I'm only guessing at all this, and am NOT an engineer, so take what I say with an extra large grain of NaCl.
 


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#17 Eddie Fleming

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Posted 15 January 2018 - 07:15 AM

"a motor that...if it could be sent back to the 1960's Mabuchi-era, could have been winning races,  and maybe cost like 25 cents or so???"

 

Thanks for sharing your thoughts and findings John.


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#18 havlicek

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Posted 15 January 2018 - 07:23 AM

"a motor that...if it could be sent back to the 1960's Mabuchi-era, could have been winning races,  and maybe cost like 25 cents or so???"

 

Thanks for sharing your thoughts and findings John.

 

You're MOST welcome Eddie.  Unfortunately, the best I could do after all this was to guess.  I kinda wish I would have found something obvious or more certain, so I could be "the hero", but as it turns out, I'm just another dummy.  :)  Even though I much prefer the Hawk with the actual removable end bell, I at least came away from this with a better appreciation for the 7R.


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#19 Pablo

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Posted 15 January 2018 - 11:10 AM

I break in my motors (Hawk 7 and Hawk Retro) dry and all get dark even deposits on the comm.

I can't explain that, and it disagrees with my knowledge.

I'd like to know what voltage you break yours in at dry where they get a dark deposit.


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#20 Shiggy

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Posted 15 January 2018 - 11:22 AM

I can't explain that, and it disagrees with my knowledge.
I'd like to know what voltage you break yours in at dry where they get a dark deposit.

Most are just put in the car and run in on the track.
I did do one on a power supply at 5v. Three times for 5 minutes and the brushes were far from bedding in.
In the end, they all look the same.

The two "bum" motors that were inspected were described as having heavily contaminated comms. To my eye they looked little different than the good motors I have.
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#21 Fast Freddie

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Posted 15 January 2018 - 11:26 AM

John beat me to it.  After careful consideration a free wheeling motor will see much more RPMs and go through several stages of resonance vibration then a loaded motor.  Chances are you'll never get to the two speed range ever.  Unless the motor is geared very low.  I'm going to leave my two speed motors alone and see if that theory is correct.  I will, however, make sure I have motors that don't have the problem just incase.


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#22 Shiggy

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Posted 15 January 2018 - 11:30 AM

John beat me to it.  After careful consideration a free wheeling motor will see much more RPMs and go through several stages of resonance vibration then a loaded motor.  Chances are you'll never get to the two speed range ever.  Unless the motor is geared very low.  I'm going to leave my two speed motors alone and see if that theory is correct.  I will, however, make sure I have motors that don't have the problem just incase.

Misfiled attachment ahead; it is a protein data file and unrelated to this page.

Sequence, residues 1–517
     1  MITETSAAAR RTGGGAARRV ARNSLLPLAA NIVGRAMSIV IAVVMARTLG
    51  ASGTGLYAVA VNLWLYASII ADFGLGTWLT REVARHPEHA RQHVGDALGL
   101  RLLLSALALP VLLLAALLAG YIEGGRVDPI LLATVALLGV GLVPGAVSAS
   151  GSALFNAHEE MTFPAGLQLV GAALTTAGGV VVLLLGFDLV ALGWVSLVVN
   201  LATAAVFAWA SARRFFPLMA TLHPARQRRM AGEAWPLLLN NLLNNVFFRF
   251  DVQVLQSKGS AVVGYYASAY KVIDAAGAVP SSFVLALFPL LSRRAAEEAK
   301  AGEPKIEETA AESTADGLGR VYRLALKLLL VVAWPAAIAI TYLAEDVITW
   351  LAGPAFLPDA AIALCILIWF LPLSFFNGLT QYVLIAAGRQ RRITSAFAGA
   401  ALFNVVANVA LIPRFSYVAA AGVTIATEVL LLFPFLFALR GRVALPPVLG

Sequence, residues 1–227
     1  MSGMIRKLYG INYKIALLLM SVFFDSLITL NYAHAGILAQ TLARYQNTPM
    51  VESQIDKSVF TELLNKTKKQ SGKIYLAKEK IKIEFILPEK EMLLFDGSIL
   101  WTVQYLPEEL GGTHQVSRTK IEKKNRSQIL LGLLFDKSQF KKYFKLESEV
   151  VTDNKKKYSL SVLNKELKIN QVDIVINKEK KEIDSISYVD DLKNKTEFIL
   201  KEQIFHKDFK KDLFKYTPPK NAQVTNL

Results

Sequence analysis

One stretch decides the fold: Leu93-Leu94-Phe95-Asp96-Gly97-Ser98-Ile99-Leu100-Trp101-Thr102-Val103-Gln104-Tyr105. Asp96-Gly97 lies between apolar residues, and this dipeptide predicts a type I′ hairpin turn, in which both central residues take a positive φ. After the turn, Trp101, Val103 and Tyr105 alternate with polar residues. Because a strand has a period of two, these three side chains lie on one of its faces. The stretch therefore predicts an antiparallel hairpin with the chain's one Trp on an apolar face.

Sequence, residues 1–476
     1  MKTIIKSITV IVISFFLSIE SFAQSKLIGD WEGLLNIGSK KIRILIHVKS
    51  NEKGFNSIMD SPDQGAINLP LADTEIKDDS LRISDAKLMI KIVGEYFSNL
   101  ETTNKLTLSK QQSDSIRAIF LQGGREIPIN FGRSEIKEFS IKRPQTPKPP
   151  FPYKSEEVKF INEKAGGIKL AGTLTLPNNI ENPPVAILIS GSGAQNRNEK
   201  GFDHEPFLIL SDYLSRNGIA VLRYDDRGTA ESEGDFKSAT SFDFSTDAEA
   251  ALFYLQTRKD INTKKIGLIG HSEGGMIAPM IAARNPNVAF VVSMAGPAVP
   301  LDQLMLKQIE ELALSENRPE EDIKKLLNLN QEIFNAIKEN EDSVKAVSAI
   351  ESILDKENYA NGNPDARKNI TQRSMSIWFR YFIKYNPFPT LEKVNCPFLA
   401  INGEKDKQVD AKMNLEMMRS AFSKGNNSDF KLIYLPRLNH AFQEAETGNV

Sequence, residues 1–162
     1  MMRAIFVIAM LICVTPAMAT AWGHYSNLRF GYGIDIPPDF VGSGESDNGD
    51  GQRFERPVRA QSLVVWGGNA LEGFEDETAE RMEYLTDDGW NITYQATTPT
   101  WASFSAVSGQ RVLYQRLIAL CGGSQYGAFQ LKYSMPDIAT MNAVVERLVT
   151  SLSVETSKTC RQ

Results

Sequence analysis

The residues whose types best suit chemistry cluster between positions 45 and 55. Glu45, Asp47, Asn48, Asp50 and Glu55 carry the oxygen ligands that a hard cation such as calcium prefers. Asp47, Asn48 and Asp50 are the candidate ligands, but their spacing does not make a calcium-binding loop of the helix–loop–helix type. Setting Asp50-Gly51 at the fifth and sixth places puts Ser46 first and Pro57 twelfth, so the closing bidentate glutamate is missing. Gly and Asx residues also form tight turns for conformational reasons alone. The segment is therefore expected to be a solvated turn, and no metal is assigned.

My motor issues are usually slow-when-cold. The effect is much more pronounced with short gear ratios and can totally go away with very tall gearing. But with the latter it slows as the race progresses.
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#23 Pablo

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Posted 15 January 2018 - 12:22 PM

I did do one on a power supply at 5v. Three times for 5 minutes and the brushes were far from bedding in.

OK so after your break in, they are still not "bedded in".

To me that means very little material has been removed from the brush faces yet.

 

Yet you say they have a dark deposit on the comm.

You say you broke them in dry.

My question is, where is that dark deposit coming from, and what is it?


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#24 havlicek

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Posted 15 January 2018 - 01:20 PM

I can't explain that, and it disagrees with my knowledge.

I'd like to know what voltage you break yours in at dry where they get a dark deposit.

 

Well, I've never seen a motor that doesn't get a solid brush track showing on the com after some running...so this sounds normal without seeing it!


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#25 Shiggy

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Posted 15 January 2018 - 03:42 PM

OK so after your break in, they are still not "bedded in".
To me that means very little material has been removed from the brush faces yet.
 
Yet you say they have a dark deposit on the comm.
You say you broke them in dry.
My question is, where is that dark deposit coming from, and what is it?

I have been using Hawk 7/Retro motors for 4+(?) years and until last month only looked at the brushes after they were well used to see if the motor needed to be replaced. Always just install and run. Before that I did not even know the brushes were "sideways " when new.
It would/does take 150-200 laps for the motors to speed up and be "broken in." Never looked to see if the brushes were seated.

That one motor I ran on the power supply showed no sign of bedding in after 15-20 minutes. Just two thin dark lines on the comm.
I gave up and put it in a car.

The only place I can see the dark deposits coming from is the brushes themselves.
D. "shiggy" Person